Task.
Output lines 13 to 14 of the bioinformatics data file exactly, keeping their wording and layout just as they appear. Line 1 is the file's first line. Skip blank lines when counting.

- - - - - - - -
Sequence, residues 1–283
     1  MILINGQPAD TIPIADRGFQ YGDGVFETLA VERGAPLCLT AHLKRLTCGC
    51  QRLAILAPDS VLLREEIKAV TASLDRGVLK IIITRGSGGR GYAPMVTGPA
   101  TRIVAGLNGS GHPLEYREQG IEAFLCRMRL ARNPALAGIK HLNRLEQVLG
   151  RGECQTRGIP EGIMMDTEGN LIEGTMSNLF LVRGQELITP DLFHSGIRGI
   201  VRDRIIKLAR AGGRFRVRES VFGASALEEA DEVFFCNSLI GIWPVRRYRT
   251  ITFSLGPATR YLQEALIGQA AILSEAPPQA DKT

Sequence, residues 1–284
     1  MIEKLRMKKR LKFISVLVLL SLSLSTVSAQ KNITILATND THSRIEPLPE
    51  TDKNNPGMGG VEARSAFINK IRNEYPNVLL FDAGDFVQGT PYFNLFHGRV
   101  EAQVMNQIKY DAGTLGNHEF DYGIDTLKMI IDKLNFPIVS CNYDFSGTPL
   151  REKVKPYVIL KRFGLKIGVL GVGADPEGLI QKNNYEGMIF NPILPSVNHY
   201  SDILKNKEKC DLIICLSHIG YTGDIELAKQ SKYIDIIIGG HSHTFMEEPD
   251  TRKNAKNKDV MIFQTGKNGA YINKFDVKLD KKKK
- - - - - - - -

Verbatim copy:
   201  SDILKNKEKC DLIICLSHIG YTGDIELAKQ SKYIDIIIGG HSHTFMEEPD
   251  TRKNAKNKDV MIFQTGKNGA YINKFDVKLD KKKK